It's time to cook dinner and you must make that often difficult choice
of what to fix for your family, so do you pull some beef or chicken, or
maybe tempeh and vegetables out of the fridge? Do you roast it, grill
it or sauté it like most people, or do you poach it or steam it?
The latter options may not be the most common home-cooking methods, but
they may be the healthiest.
Research suggests that cooking food with water-based methods--which, in
addition to poaching, can include boiling, steaming, stewing or pressure
cooking--may reduce the risk of diseases such as type 2 diabetes. "That's
because cooking with dry heat, such as in an oven or on a grill, produces
substances called advanced glycation end products [AGEs], which may trigger
insulin resistance and inflammation in the body," says
Cali Kent, MS, RDN, the Supervisor of Clinical Dietetics at
Santa Rosa Memorial Hospital. Many researchers agree the topic of AGEs and their effect on the body
are deserving of more study, such as their possible role in skin aging,
polycystic ovarian syndrome, cancer and the development or worsening of
many chronic illnesses such as cardiovascular, liver, and Alzheimer’s diseases.
AGEs form naturally inside the body when proteins or fats combine with
sugars (glycation). The body naturally rids itself of harmful AGE compounds,
but it doesn’t eliminate them effectively when too many are ingested
through food. “Consumers must make positive food choices, as well
as modify their cooking methods,” says Kent, “eliminating
processed foods and animal-derived foods that are high in fat and protein
to prevent ingestion of the harmful AGEs. Add more fruits and vegetables
to your diet which are naturally low in AGEs and rich in phytonutrients.”
Reference the table below for additional food tips.
Foods High in AGEs
Foods Low in AGEs
Sugary items such as candy, cookies, cakes, soda, and pastries
Fruits and vegetables
Processed foods, including packaged meats and cheese
High fat meats, especially red meat
Whole grain, low fat breads
Fats including butter, margarine, and oil
Whole grain pasta and rice
Cooking with water has another health benefit as well, Kent adds. "When
you are sautéing, grilling or roasting, for instance, you need
to cook the food in some sort of liquid and it is natural to use butter
or oil. Butter isn't ideal for cooking with its saturated fat content
and even if you use a heart-healthier oil, you want to be mindful that
any oil has substantial calories--for example, just one tablespoon of
olive oil has approximately 120 calories. With water-based cooking methods,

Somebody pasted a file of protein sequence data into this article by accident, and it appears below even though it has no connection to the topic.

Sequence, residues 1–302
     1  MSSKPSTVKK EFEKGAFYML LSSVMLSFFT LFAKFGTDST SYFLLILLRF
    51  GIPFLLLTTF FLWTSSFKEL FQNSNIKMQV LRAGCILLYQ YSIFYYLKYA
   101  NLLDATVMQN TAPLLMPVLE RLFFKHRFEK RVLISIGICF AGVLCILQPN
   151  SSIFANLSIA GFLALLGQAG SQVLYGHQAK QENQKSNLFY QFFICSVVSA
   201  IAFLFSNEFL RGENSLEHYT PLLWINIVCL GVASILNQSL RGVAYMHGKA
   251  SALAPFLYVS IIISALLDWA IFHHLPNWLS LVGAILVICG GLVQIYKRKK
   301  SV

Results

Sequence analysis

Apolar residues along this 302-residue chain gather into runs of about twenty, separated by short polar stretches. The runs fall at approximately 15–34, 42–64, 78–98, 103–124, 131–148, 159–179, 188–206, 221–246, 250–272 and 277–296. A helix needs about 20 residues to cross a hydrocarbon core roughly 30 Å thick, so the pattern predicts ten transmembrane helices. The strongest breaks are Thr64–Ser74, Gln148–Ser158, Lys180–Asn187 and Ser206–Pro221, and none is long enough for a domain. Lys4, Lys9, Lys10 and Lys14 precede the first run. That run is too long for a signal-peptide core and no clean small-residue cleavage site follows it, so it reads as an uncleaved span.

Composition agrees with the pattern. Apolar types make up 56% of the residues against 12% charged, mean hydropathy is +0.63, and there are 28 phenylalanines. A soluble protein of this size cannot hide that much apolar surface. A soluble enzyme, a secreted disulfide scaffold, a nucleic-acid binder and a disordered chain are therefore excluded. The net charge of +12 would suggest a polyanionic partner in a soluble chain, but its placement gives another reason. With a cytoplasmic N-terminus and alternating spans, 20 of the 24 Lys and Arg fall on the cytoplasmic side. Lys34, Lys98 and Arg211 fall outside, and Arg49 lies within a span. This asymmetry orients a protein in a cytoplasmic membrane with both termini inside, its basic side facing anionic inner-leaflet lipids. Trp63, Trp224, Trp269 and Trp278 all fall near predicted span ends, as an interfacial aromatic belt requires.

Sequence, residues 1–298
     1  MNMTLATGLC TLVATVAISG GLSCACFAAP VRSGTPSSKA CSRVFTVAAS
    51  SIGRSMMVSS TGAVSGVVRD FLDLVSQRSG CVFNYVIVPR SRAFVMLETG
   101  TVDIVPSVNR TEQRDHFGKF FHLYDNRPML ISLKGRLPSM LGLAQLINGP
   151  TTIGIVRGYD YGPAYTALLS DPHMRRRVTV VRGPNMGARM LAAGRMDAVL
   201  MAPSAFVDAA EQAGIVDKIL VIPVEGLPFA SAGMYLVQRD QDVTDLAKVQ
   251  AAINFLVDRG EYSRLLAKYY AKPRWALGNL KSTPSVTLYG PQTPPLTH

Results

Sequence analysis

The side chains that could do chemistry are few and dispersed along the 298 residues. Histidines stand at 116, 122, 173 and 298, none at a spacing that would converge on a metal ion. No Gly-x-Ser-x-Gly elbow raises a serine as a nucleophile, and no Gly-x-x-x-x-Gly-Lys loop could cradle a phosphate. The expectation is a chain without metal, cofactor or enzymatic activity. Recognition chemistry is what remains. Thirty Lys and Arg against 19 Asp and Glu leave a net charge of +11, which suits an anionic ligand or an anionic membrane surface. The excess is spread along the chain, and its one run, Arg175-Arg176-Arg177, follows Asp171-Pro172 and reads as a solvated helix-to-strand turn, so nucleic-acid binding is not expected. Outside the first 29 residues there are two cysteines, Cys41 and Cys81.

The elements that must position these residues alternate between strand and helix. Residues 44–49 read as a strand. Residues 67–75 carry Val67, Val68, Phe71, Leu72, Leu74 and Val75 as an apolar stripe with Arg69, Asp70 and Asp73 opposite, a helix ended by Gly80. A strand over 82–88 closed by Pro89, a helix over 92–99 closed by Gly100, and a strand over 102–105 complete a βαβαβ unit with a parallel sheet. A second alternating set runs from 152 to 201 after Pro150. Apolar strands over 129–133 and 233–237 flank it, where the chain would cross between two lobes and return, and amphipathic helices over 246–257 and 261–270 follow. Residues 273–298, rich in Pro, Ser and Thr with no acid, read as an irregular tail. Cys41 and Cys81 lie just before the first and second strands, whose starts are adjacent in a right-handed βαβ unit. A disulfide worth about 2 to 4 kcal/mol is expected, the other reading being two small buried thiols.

you can skip the oil or butter. Instead, food gets its tenderness from
the water and can be flavored during cooking, such as squeezing lemon
juice over steamed vegetables or adding herbs to a lentil stew."
"Once you get the hang of some of these cooking methods, you'll
find they are easily adaptable for a wide variety of foods," says
Kent. "They're also a nice way to diversify your daily diet with
the textures and flavors you can bring out in your food." Try your
hand at one of the following cooking styles.
Foods are cooked at low to medium heat--producing a gentle simmer--in water
(or wine or a vegetable stock). This is a delicate cooking method, which
is one reason why eggs work so well in poaching. Aside from chicken and
eggs, poaching can also work well with salmon and veggies; for dessert,
try poaching some pears.
Boiling is probably the most familiar cooking style on this list, as anyone
who's ever made pasta can attest. Put a pot of water on the stove
and heat until bubbles start moving rapidly to the water's surface.
It works with pasta, of course, as well as grains such as rice and quinoa,
eggs and veggies; boiling vegetables quickly to retain their color and
taste is called blanching.
If you know how to boil water, you know how to steam food. Once the pot
of water is boiling, bring the heat down a little so there's still
enough steam coming out of the pot, put food in a steamer basket that
sits on top of the pot (without touching the water) and put a lid on it.
The trapped steam cooks the food so it's tender. Steaming can be done
with vegetables, chicken and fish, and tamales. Any type of seasoning
is usually added after the cooking process is done.
With stewing, food is cooked for longer periods of time on medium heat
in simmering water. It's also closely related to braising--chunks
of meat are submerged in water for stewing, while in braising one large
piece of meat cooks in water that may not entirely cover the meat. Stewing
or braising tenderizes tougher cuts of meat during the extended cooking
time. In addition to meats, produce is another good candidate for stewing--think
apples or tomatoes--and you can save your stewed produce for a rainy day
by learning how to jar them.
If some of these cooking methods sound a little too time consuming for
an average weekday meal, it may be worth investing in a pressure cooker.
Water boils in the cooker, which has a lid to retain steam. Boiling the
water in that sealed cooker increases the pressure, which raises the liquid's
temperature beyond the boiling point, so food gets done faster. Rice,
potatoes and soups are all good for a pressure cooker.